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People Top 5
LAST UPDATE: Tuesday February 10, 2015 01:10PM EST
PEOPLE Top 5 are the most-viewed stories on the site over the past three days, updated every 60 minutes
- September 13, 1982
- Vol. 18
- No. 11
Remington Boss Victor Kiam Keeps His Chin Up; but Will He Be Nicked by Norelco?
And viewers have definitely bought Kiam's pitch. Since he began doing the 30-second spots three years ago, Remington sales have nearly doubled—to $90 million annually—and the company now commands more than 40 percent of the total electric shaver market, more than twice its former share. "I'm telling the truth and it just comes out," says Kiam of the commercial's Walter Mitty appeal. "Lots of people have loved products so much, they've wanted to own the company that makes them."
Salesmanship has always been Kiam's forte, ever since his boyhood in New Orleans when he sold soda pop to people waiting for the streetcar named Desire. Graduating from Harvard Business School in 1951 after Andover and Yale, Kiam landed his first job as a salesman for Lever Brothers, where he helped promote a line of cosmetics. At one point, when a guest cosmetician hired to do demonstrations at a Cleveland department store failed to show, the resourceful Kiam learned how to apply mascara, billed himself as "Mr. Omar" and went on instead.
His smashing sales record boosted him up the corporate ladder—to Eastern district sales manager for Lever's toiletry division. He left for International Latex, where he became president of the firm's Sarong girdle and bra division. "I was always testing products myself," says Kiam. "When the firm planned a male girdle called 'the potholder,' I wore it myself for weeks. Now I know what women go through. I itched so much."
In 1968 he took on the top job at the Benrus Watch Corporation, rejuvenating the once-creaky company only to see it falter due to Japanese digital watch competition. Kiam sold his majority interest in Benrus in 1977. A year later he heard that Remington was for sale, after chalking up losses of $30 million over the previous five years. Kiam knew nothing about electric shavers. Just like the ads claim, he was a sworn blade man. "But I was in the bra-and-girdle business once," he figured, "and didn't know anything about that beforehand either."
When Kiam started studying Remington marketing charts on the dining table of his Manhattan penthouse, his wife, Ellen, protested. "You don't shave electrically; I've never even bought you an electric shaver as a gift. Maybe it's no good." She also thought maybe she had better go buy one for him to try. "I flipped," recalls Kiam, after sampling the shaver. "I wondered how I could have spent so many years worrying about the whole ritual."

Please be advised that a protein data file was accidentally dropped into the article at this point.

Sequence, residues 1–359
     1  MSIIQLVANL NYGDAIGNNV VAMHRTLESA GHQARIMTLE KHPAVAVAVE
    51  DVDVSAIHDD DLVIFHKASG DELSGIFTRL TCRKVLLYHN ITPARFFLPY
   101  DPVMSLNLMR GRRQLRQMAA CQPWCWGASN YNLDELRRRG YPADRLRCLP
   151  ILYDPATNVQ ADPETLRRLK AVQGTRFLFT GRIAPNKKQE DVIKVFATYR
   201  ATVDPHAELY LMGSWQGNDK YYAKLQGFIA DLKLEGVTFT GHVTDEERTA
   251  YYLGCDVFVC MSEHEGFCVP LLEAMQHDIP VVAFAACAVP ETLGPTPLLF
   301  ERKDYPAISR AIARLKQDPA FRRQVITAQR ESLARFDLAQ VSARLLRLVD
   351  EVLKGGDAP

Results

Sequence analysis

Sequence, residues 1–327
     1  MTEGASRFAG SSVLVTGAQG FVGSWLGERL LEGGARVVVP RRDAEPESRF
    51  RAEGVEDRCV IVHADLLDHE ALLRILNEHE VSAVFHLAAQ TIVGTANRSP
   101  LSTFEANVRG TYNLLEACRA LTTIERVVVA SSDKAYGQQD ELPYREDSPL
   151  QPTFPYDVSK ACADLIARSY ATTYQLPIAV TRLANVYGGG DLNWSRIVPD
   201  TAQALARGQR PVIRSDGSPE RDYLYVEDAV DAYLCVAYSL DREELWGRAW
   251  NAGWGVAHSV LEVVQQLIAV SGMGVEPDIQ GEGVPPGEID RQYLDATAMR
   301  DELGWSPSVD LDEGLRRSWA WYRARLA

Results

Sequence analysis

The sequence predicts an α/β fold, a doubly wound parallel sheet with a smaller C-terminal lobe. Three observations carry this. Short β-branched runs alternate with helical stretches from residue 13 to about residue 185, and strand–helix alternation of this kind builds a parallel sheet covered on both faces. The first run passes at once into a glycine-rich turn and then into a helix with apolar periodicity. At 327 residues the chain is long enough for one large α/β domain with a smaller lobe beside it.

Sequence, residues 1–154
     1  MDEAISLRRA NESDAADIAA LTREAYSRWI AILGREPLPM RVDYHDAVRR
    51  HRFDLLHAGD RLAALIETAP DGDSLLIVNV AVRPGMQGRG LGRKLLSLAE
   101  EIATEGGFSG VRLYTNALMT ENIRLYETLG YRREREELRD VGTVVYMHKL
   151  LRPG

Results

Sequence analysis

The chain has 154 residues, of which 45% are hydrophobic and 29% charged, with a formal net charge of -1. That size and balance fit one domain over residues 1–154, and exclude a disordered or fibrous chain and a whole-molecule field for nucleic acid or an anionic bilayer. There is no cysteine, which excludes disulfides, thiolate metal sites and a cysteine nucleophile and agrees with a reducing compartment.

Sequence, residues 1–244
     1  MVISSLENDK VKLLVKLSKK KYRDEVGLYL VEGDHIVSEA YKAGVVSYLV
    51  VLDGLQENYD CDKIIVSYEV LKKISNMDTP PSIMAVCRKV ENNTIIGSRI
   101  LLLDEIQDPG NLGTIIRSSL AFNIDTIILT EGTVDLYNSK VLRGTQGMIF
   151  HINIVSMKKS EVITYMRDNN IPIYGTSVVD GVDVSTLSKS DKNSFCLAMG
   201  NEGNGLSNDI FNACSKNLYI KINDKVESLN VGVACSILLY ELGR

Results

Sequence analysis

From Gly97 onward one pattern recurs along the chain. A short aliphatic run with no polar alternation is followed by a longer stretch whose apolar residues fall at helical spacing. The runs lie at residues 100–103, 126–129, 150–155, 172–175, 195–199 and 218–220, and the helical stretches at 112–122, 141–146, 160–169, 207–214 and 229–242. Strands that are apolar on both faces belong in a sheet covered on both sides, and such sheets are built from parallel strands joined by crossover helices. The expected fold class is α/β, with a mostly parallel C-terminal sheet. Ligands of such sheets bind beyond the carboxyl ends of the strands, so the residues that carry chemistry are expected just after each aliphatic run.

About four months later Kiam bought the company for $25 million—a higher price, he now figures, than he might have paid if he hadn't been so enthusiastic. He set out immediately to turn Remington around, firing 70 executives to trim costs, introducing a new model for $19.95, and stepping up the advertising budget. Says one industry insider of Kiam's management style: "He's a hard man and demands results. He's the sort of guy who wakes his salesmen up on a Saturday morning."
Despite Kiam's early success, a 5 o'clock shadow is now being cast over Remington by North American Philips Corporation, the giant firm that markets Remington's major competitor (with a 55 percent market share), Norelco. North American Philips has bought up rights to another shaver brand name, Schick, and is planning a product similar to Remington's at a comparable price.
Kiam had hoped to buy Schick to prevent such a move, and is yelling "ouch" in federal court. Remington is suing Schick, North American Philips and its parent company, the $17 billion Dutch conglomerate N.V. Philips Gloeilampenfabrieken, charging antitrust violations. Kiam wants the courts to void the sale of Schick to North American Philips.
Events in the razor industry may be moving at a fast clip, but Kiam has found time to pursue other business interests. Over the past eight years he has made several trips to Peking, establishing connections with trade groups there; he already has plans for a special publication to help Western firms market products in China. Moreover, Kiam's TV exposure has gained him a recognition factor few other businessmen possess. "Head-waiters don't give me better tables at restaurants," he says, "but it's easier to get business appointments. After all, company heads are more interested in meeting a TV star than just another exec."
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